Kim Chappell is a dog trainer who loves animals and has created a Facebook page to address pet ownership and troubled pets.  


About Kim Chappell

"All Basics - Dog Training was started because I wanted my friends and followers to have easy accessibility to my articles.

From puppy training to desensitizing and counter conditioning fearful dogs, there is something for everyone here. ❤️🐺❤️"


Our Latest Blog Entry

February 17,2021

Runaway Syndrome

Runaway Syndrome can affect any breed or individual

It happens specifically during the time when they are removed from their current familiar home location.


It’s most often seen from dogs that have once had homes, but have then been left at a shelter/rescue, then re homed.


It can also happen when a dog is left at a different location when their owners go on vacation.


Frequently dogs are adopted out to loving families, but they may be startled by a strange noise or object and panic. Even just the unfamiliar new home itself can be enough to cause a dog to bolt at the first opportunity. They often search for the last place they remember, which may in fact be the shelter/rescue.


An unintentionally left open house door or gate, by breaking through a screen window, jumping out an open car door, or digging under/jumping over a fenced in yard are all common scenarios of escape.


It can take weeks or even months before a dog accepts their new home, and is content to stay there.


BE PROACTIVE

  • -Have a current clear, color photo of the dog. Note any distinct markings, plus the past name the dog had if it’s an owner surrendered animal.
  • -If possible bring the dog’s bed/blanket, toys, crate, anything that has their scent on it will help make the transition to a new home go smoother.
  • -Be highly vigilant about keeping the dog on a secure lead, even in a fenced area.
  • -Microchipping a dog is often done as a form of permanent identification, new owners MUST renew the paperwork in their own name, as most shelters/rescues dispose of all the dog’s information once they are placed in a new home.
  • -Yearly microchip conformation number scan should be done when your dog gets their vaccinations at the Veterinary clinic.
  • - Have all the local animal control, rescues, shelters, Veterinarians, and microchip registry phone numbers readily available in your phone and or your address book.
  • -Smart collars can be very useful, as they are GPS units which send the information of the dog’s whereabouts directly to your phone.
  • -Have a properly fitted ( snug enough that they cannot slip their head out of) collar on the dog. It is easier for person to grab hold of the collar on a loose dog , and it provides vital information. A flat buckle or martingale collar, embroidered with dog’s name and your phone number are the best. Second best would be an engraved tag riveted to a collar, third best would be a dog tag hanging from a collar. Dogs who are licensed can be traced if they are wearing a tag when they are found.

WHAT TO DO IF YOUR DOG RUNS AWAY

- The first 24 hours are the most critical in finding the dog. Take the day off work if at all possible to search for the dog. Dogs often go into survival mode quickly once they are on their own, and may need to be live trapped to catch them again once this happens.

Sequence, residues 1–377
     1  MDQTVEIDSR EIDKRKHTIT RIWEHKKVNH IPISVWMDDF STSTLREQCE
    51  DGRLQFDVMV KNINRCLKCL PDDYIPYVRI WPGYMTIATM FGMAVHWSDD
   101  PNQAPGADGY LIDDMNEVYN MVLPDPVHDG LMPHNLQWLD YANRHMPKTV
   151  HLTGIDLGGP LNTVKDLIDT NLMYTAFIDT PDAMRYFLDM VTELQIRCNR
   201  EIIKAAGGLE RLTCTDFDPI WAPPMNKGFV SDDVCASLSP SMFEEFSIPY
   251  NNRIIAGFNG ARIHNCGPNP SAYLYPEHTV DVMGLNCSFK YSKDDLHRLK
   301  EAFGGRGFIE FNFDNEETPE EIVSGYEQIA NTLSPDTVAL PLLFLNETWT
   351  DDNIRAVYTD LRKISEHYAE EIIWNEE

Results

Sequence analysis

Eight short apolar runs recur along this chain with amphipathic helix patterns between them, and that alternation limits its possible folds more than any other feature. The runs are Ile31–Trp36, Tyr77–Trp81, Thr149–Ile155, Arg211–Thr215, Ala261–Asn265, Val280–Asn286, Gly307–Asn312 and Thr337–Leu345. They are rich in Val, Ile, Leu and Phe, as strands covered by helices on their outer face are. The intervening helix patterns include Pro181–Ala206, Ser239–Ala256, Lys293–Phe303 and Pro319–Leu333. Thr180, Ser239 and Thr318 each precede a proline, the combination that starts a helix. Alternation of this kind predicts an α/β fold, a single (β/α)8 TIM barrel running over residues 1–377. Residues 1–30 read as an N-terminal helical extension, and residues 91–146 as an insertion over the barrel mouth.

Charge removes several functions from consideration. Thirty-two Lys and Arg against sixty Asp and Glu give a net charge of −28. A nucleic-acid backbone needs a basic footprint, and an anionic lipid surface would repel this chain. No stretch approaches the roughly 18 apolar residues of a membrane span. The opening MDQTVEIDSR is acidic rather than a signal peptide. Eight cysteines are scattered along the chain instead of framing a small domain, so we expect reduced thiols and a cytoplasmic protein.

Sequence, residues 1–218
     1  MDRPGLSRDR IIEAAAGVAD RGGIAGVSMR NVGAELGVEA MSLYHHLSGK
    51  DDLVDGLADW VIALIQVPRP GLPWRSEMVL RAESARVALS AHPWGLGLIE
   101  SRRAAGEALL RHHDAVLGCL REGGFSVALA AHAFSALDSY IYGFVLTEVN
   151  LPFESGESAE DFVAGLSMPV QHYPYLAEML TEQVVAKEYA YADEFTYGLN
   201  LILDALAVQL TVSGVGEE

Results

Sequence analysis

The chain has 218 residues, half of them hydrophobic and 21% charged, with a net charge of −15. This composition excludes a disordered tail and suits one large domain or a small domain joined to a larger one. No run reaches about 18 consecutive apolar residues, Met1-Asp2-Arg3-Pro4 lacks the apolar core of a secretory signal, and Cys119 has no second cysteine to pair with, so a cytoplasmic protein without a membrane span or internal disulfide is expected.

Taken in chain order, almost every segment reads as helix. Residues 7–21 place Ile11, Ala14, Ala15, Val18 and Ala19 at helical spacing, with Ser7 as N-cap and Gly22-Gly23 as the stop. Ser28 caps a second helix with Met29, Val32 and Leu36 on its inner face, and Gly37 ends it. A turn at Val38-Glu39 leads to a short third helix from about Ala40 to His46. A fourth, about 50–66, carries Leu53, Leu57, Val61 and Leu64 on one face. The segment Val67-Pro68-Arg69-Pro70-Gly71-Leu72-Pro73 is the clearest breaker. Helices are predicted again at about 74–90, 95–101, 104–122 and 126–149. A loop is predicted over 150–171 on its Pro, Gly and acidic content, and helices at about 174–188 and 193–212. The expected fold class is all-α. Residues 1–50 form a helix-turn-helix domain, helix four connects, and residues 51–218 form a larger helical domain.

• -Often shelters have a limited number of days they keep a stray dog before it is euthanized.
  • -Call the local shelters, rescues, dog warden/animal control, veterinarian clinics, and police. Give a detailed description of the dog, repeat daily until the dog is found.
  • -Create a search party, talk to local neighbors as they may have seen the dog, dogs will often hide in a quiet area nearby.
  • -Post on social media, and neighborhood networking.
  • -Enter dog’s microchip number into the registry.
  • -Print out and distribute large flyers with a photo of the dog, their name, and your phone number on it. Make business card sized handouts to pass out and post.
  • -Don’t give up searching, often dogs are picked up by travelers and can show up hundreds of miles away. As long as there is still hope, there is a chance of recovering the dog.

NEVER punish the dog once you catch them (no matter how mad or upset you may be) because this will only increase the chances of them running off again. Because dogs live in the moment the dog doesn’t understand that you are angry it took off, and it will only respond to the current reaction of when it’s caught.

RECOMMENDED TRAINING

  • Start working immediately with your new dog.
  • Train a solid recall command.
  • Impulse control exercises like PLACE command are extremely helpful.
  • Barrier threshold training for both car and home can be a lifesaver for your dog.

All of the above exercises are in detailed articles, plus one specificity on Lost Dog Recovery are available at my site below, which is open to the public and free of charge. ❤️🐺❤️


https://www.facebook.com/AllBasicsDogTrainingKimChappell/

Kim Chappell is a dog trainer who loves animals and has created a Facebook page to address pet ownership and troubled pets.  


About Kim Chappell

"All Basics - Dog Training was started because I wanted my friends and followers to have easy accessibility to my articles.

From puppy training to desensitizing and counter conditioning fearful dogs, there is something for everyone here. ❤️🐺❤️"


0